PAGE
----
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Don Fischer's picture
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Light rifle trend

I have been seeing a lot of people looking for rifles 6# and under who want them in some magnum or other. I don't understand the idea behind this. I suspect one way of getting a rifle that light is to shorten the barrel, I can't imagine a magnum in a 22" barrel but, I know a guy with a 300wsm he had the barrel sshortened to 20"! 

The lighter the rifle get's the more felt recoil there is going to be. The answer to that always to add on after market reciol reducers and once in awhile, down load the cartridge for reciol. When you start adding recoil devices to the rifle, you are adding some kind of weight and weight is what they want to avoid. Then most of these guy's add a scope adequate for star gazing on top of that.

What's the deal here? What iss it aabout these rifles that make them so appealing? I could see an under 6# rifle in something like a 250 Savage, maybe a 243, a 260Rem or a 7-08. Handy rifle with low recoil capabile of taking game out to 300yds easily.

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I understand...sorta

I am seriously looking at having a custom built rifle to similar specifications you mentioned! A hunting rifle that weighs 7 pounds with scope would be a dream, assuming it shot well. I think 26" barrels on hunting rifles is ludicrous - and the same with 20 power scopes. Have current gun manufactures ever climbed to 12,000 feet in 18 inches of snow, or tried to walk through woods with a 12 inches of steel barrel grabbing every branch above your head? And what's up with the fixed stocks? Gosh even the military has seen the advantage of an adjustable stock so the gun fits the shooter with various outer garments on. We sight our rifles in during the summer while wearing a T-shirt, adjust the eye relief on the scope as such and then expect the same rifle and scope to work out while wearing heavy flannel shirts, and coveralls during a November hunt. Hunting rifle manufacturers are way behind the times in terms of technology right now.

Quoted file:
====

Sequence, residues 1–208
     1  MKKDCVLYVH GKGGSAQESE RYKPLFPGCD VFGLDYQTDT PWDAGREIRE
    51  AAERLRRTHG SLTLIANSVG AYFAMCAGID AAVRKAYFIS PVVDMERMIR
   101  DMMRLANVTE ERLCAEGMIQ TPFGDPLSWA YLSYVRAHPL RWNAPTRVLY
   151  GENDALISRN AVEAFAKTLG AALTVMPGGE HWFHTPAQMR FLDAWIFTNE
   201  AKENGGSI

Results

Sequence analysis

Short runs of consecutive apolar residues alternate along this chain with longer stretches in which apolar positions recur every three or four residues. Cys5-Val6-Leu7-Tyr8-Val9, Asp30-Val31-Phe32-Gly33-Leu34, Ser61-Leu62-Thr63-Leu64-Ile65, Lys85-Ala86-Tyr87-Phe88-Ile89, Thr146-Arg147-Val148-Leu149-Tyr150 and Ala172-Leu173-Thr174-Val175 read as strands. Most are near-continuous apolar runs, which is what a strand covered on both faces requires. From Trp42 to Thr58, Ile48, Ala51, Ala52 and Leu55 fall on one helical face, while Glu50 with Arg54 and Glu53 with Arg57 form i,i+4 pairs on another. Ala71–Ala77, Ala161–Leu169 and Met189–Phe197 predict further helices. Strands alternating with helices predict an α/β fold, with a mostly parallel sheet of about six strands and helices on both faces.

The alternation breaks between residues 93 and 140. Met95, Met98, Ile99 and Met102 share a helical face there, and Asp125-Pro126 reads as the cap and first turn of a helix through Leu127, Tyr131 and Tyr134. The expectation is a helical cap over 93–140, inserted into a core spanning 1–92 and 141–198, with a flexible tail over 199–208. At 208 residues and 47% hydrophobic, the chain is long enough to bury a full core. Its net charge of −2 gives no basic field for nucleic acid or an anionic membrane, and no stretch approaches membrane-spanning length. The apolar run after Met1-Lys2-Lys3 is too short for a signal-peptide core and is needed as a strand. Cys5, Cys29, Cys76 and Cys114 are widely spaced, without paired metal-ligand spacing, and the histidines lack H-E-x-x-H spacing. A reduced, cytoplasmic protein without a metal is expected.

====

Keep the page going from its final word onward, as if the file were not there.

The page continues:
Back to the point, the "short magnum" cartridges from the 90's and on, were designed with shorter barrels in mind. No problem there. Gosh, I'd also give up 200fps with a 300winmag if it meant two pounds of weight savings. It would be the equivalent of a 30-06 which is good for just about any North American big game. Also, in the three decades or so I've been big game hunting, I'll bet I've shot the gun at game less than a few dozen times. I can deal with recoil when the frequency is so low, plus I'm usually wearing multiple layers of clothes.

Do I need a 7 pound rifle in a midwest tree stand - no. Do I need a 7 pound rifle on a Rocky Mountain Elk hunt - yes.

BikerRN's picture
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Passe Today

I tend to not follow the latest trend.

Not to worry, what is passé today will be the next new fad tomorrow. The current rifle I'm working up loads for, upcoming rough country deer hunt, weighs over twelve pounds and has no recoil reducing noisemaker on the end of it. I'm looking for accuracy first and foremost.

I'll cut my weight in other places, like a fanny pack instead of a backpack, for an overnight bivy hunt. The fanny pack will hold my Jetboil, three dehydrated meals, and an emergency blanket to sleep with, 5 liters of water, and my optics.

Give me the heavy and accurate rifle that I like to shoot instead of a lightweight rifle that causes a flinch in the magnum calibers.

exbiologist's picture
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Just looking for an edge